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The Commons in History

Culture, Conflict, and Ecology

Derek Wall

The history of the commons -- jointly owned land or other resources such as fisheries or forests set aside for public use -- provides a useful context for current debates over sustainability and how we can act as "good ancestors." In this book, Derek Wall considers the commons from antiquity to the present day, as an idea, an ecological space, an economic abstraction, and a management practice. He argues that the commons should be viewed neither as a "tragedy" of mismanagement (as the biologist Garrett Hardin wrote in 1968) nor as a panacea for solving environmental problems. Instead, Walls sees the commons as a particular form of property ownership, arguing that property rights are essential to understanding sustainability. How we use the land and its resources offers insights into how we value the environment. After defining the commons and describing the arguments of Hardin's influential article and Elinor Ostrom's more recent work on the commons, Wall offers historical case studies from the United States, England, India, and Mongolia. He examines the power of cultural norms to maintain the commons; political conflicts over the commons; and how commons have protected, or failed to protect ecosystems. Combining intellectual and material histories with an eye on contemporary debates, Wall offers an applied history that will interest academics, activists, and policy makers.

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Communism for Kids

Bini Adamczak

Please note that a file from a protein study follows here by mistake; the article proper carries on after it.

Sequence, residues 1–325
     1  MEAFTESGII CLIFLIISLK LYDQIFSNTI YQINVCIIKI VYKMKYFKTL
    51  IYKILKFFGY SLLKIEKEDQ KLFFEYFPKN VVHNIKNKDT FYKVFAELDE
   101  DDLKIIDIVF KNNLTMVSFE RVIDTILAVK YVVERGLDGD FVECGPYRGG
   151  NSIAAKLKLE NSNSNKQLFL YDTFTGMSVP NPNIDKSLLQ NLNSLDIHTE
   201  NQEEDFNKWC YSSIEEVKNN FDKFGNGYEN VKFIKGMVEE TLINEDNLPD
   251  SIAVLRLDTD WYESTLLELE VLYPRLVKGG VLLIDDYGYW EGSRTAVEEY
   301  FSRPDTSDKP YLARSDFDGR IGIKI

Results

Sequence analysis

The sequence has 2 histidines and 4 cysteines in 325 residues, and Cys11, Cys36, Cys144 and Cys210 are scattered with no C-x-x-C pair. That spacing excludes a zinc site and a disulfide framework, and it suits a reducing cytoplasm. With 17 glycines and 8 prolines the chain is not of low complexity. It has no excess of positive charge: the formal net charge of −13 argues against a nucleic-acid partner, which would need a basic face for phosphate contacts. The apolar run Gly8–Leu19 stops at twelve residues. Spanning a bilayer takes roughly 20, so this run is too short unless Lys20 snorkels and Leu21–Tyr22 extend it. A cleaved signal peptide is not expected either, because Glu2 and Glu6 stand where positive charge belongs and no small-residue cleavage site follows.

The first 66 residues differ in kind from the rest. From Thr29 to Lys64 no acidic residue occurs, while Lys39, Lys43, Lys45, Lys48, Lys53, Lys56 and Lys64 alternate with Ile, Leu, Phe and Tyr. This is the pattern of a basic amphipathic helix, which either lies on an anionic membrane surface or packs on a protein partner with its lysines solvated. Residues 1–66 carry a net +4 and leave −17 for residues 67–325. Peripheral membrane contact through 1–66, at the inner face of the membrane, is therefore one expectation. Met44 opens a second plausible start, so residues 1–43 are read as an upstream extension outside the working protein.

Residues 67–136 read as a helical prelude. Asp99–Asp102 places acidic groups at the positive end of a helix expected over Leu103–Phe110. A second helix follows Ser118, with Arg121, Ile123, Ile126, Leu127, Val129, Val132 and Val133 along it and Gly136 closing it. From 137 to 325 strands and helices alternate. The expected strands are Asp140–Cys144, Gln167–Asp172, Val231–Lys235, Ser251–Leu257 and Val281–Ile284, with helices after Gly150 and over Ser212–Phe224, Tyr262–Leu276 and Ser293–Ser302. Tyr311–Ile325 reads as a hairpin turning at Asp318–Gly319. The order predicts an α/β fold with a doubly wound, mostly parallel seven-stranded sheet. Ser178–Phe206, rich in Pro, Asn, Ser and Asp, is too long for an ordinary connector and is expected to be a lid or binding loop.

Once upon a time, people yearned to be free of the misery of capitalism. How could their dreams come true? This little book proposes a different kind of communism, one that is true to its ideals and free from authoritarianism. Offering relief for many who have been numbed by Marxist exegesis and given headaches by the earnest pompousness of socialist politics, it presents political theory in the simple terms of a children's story, accompanied by illustrations of lovable little revolutionaries experiencing their political awakening.It all unfolds like a story, with jealous princesses, fancy swords, displaced peasants, mean bosses, and tired workers--not to mention a Ouija board, a talking chair, and a big pot called "the state." Before they know it, readers are learning about the economic history of feudalism, class struggles in capitalism, different ideas of communism, and more. Finally, competition between two factories leads to a crisis that the workers attempt to solve in six different ways (most of them borrowed from historic models of communist or socialist change). Each attempt fails, since true communism is not so easy after all. But it's also not that hard. At last, the people take everything into their own hands and decide for themselves how to continue. Happy ending? Only the future will tell. With an epilogue that goes deeper into the theoretical issues behind the story, this book is perfect for all ages and all who desire a better world.